While that may keep children in the classrooms as vacancies remain open, Dr. Aronian says expanded classroom sizes can be overwhelming for teachers, limiting the individualized attention a student may get and reducing the quality of education. She recommends parents email or go to a school board meeting to ask about student-teacher ratios and hiring standards. Then, find out the available resources to help students get individualized attention, such as tutors and online programming. She suggests advocating for those programs at school board meetings and to local political officials and candidates if they are not available.

Homeschooling or Unschooling

During the pandemic, some families turned to local pods, microschools, and tutors instead of remote learning.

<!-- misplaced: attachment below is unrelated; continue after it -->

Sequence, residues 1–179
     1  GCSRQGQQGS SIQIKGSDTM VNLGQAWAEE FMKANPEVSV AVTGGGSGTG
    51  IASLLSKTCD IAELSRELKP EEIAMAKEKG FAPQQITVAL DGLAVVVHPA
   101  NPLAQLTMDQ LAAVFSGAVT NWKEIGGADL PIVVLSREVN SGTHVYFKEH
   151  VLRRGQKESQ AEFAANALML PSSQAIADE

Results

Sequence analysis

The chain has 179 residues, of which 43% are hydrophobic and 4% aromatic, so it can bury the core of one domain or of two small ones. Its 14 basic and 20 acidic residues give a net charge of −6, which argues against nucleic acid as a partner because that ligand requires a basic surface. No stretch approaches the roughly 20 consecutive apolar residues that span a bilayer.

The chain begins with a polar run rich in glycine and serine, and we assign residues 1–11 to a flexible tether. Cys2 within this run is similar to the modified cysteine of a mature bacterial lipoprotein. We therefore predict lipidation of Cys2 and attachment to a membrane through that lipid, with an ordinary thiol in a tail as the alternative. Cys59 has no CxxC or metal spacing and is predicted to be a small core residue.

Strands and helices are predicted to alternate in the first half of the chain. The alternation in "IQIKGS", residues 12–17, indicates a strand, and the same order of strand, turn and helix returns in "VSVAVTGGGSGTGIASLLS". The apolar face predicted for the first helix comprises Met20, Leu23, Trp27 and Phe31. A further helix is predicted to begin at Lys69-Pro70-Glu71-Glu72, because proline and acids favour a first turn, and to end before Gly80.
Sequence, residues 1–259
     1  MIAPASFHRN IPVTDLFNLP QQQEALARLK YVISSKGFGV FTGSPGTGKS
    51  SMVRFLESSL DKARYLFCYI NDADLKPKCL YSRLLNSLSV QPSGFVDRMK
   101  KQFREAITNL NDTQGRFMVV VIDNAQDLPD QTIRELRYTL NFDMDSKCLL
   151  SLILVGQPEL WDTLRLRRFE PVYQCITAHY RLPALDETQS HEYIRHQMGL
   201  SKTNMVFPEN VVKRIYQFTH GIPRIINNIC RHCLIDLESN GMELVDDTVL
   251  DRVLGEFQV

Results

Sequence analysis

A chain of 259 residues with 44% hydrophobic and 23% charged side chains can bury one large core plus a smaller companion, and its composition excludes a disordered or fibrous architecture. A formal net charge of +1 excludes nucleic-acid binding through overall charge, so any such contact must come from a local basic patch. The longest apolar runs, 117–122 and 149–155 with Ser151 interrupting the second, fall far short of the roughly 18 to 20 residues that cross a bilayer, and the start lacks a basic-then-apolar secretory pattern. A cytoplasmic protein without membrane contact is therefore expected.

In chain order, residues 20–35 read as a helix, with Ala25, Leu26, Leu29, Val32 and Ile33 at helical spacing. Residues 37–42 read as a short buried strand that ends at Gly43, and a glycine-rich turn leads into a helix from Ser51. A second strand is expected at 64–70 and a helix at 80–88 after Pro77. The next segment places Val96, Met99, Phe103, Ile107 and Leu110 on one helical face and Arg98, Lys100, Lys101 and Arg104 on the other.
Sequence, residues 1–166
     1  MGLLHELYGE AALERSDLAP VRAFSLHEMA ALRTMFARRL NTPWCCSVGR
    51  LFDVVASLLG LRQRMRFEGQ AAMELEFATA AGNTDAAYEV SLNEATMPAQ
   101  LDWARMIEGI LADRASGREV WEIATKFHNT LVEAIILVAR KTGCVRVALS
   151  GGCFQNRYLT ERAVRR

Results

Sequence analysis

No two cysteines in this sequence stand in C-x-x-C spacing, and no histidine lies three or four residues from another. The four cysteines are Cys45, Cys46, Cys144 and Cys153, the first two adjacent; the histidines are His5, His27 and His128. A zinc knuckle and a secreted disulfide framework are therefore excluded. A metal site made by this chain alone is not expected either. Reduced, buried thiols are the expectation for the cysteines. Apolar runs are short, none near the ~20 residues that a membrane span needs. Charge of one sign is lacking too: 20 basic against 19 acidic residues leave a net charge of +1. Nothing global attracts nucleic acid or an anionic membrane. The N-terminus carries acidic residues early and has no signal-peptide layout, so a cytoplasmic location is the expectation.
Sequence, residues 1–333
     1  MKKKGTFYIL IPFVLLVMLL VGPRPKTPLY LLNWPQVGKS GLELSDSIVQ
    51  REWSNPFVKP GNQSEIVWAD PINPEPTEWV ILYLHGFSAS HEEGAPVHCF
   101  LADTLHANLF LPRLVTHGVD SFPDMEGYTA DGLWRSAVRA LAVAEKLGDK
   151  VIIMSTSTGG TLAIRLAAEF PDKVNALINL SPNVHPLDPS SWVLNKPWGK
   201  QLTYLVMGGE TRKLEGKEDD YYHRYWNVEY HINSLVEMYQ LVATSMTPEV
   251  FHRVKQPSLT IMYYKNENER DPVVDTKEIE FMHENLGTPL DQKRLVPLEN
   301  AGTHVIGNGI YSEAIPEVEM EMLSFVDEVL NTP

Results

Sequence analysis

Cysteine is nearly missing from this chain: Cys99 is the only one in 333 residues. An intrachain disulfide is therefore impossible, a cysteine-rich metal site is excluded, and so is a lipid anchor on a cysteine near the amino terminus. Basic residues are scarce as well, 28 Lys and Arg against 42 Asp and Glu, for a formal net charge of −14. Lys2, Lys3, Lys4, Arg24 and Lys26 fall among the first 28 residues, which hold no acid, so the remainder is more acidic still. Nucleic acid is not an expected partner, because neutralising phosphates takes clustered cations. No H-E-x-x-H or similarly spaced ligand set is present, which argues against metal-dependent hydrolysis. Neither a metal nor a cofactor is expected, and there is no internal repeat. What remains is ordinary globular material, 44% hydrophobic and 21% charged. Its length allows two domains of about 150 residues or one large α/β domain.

Homeschooling comes in many forms but may include:

  • A parent or caregiver teaching one or more children from their family.
  • Parents or caregivers teaming up to provide education. One parent may teach social studies, while another works with children on handwriting.
  • Parents hiring tutors, such as former teachers, to educate their children.

Dr. Aronian says families may find others interested in homeschooling and forming a pod in community groups online or in person.

"This is the old-school method," says Dr. Aronian. "The little schoolhouse idea."

One report estimates it can cost $700 or more to homeschool one child per year. Sometimes, financial aid is available, but the cost can be a barrier for families.

If a family is considering this route amid the teacher shortage, Dr. Aronian advises they look into Education Savings Accounts. Some states offer these accounts, which may offset costs.

Rely on Other Resources to Fill the Gaps

The teacher shortage will impact children, and people in Black, Indigenous, and Latinx communities likely stand to lose the most. Other, low-cost community-based and online resources may help fill in the gaps in children's education. Dr. Aronian suggests looking into programming at: